Delivering Heat and Electricity
All Local Development Plans included policies that helped deliver heat and electricity, but the requirements for microgeneration technologies and repowering existing wind farm in suitable sites are less consistently applied. 2 policies were identified that varied from SPP to meet local circumstances. The policy works well for plan making purposes as it supports renewable energy infrastructure and the national aim of a Low Carbon Place. For Development Management purposes the policy works well as it provides a clear spatial hierarchy and provides a comprehensive list of criteria to consider specifically for wind farms, however it was suggested that basing decisions on landscape capacity studies would be more robust. This is partly why Delivering Heat and Electricity was one of the most selected answers regarding policies that are unclear or confusing and policies that are difficult to apply. The idea of heat networks is supported in principle but the reality of implementing them is much more difficult. Flexibility is required for this policy as new forms of generating renewable energy may become more sustainable than current technology.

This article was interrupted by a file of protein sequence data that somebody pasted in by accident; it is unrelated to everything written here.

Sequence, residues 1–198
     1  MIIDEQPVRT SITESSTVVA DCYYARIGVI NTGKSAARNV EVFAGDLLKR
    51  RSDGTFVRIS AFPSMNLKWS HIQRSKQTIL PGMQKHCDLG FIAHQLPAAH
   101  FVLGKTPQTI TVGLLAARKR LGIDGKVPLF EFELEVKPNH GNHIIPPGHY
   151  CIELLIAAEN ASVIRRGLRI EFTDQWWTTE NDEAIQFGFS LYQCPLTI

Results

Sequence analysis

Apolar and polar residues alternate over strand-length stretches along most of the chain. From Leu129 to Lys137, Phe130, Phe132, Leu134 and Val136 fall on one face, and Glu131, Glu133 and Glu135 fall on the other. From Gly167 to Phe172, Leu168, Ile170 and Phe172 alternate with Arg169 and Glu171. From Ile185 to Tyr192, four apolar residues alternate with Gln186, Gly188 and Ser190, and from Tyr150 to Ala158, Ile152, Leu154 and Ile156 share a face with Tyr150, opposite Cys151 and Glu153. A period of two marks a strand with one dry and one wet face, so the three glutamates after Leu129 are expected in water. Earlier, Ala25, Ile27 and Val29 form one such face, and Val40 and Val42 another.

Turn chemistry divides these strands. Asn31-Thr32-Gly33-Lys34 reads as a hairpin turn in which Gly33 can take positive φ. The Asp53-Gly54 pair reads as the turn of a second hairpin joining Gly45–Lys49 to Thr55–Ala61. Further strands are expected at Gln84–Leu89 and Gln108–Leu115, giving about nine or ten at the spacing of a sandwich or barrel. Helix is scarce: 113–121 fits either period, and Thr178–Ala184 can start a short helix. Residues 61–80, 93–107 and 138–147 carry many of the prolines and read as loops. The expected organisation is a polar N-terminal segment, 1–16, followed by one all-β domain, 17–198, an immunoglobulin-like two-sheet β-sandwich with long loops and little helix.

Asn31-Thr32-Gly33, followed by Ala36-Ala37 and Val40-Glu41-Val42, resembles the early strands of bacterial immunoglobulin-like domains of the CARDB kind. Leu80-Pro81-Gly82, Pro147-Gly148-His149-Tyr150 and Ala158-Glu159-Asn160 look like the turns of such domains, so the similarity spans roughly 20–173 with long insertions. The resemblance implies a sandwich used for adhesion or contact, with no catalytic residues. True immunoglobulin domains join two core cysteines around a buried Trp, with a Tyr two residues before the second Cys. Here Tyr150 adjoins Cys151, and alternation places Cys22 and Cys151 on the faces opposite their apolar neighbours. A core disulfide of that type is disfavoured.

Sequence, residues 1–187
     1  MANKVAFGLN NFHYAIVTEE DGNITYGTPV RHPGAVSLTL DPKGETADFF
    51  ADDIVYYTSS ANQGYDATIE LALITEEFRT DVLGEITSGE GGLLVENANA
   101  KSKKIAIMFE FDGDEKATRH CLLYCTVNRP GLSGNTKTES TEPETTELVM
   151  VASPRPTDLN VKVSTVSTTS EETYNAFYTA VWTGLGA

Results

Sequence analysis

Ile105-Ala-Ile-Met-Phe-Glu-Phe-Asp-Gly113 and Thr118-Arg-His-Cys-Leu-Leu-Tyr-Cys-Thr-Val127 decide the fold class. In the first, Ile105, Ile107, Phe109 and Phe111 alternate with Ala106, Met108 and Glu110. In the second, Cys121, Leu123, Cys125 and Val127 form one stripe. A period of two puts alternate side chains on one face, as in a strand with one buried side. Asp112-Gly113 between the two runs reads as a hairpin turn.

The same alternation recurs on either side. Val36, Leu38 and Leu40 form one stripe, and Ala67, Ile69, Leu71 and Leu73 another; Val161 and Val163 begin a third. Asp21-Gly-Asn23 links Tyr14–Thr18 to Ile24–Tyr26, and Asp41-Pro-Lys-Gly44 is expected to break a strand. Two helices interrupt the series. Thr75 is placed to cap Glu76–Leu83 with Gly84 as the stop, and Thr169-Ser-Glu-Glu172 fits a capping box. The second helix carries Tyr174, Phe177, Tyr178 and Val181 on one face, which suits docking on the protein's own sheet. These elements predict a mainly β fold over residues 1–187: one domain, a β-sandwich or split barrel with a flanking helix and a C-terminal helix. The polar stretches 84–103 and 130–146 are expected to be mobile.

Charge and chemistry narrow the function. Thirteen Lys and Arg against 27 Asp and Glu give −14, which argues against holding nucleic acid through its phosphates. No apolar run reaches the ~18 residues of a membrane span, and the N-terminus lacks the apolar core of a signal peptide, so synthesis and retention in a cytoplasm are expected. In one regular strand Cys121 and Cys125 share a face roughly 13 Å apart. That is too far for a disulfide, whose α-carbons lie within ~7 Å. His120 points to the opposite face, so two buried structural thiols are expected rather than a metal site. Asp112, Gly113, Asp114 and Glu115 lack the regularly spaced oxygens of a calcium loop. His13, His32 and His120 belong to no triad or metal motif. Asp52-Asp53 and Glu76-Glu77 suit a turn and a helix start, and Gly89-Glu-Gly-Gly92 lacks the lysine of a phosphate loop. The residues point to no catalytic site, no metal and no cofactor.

Planning for Zero Waste
All Local Development Plans included policies that helped deliver heat and electricity, but the requirements for maximising the value of secondary resources and utilising energy from waste facilities for renewable heat and energy are less consistently applied. 1 policy was identified that varied from SPP to meet local circumstances. The policy works well for plan making purposes as it provides clear direction and guidance for allocating land for waste management facilities. Planning for Zero Waste was the least selected answer for policies that work well for Development Management purposes, more guidance should be provided about the impacts that waste facilities have near non-compatible uses. Buffer zones were identified as useful for plan making purposes but were identified to be difficult to apply and should be made stronger. Few selected Planning for Zero Waste regarding policies that need local flexibility.
Valuing the Natural Environment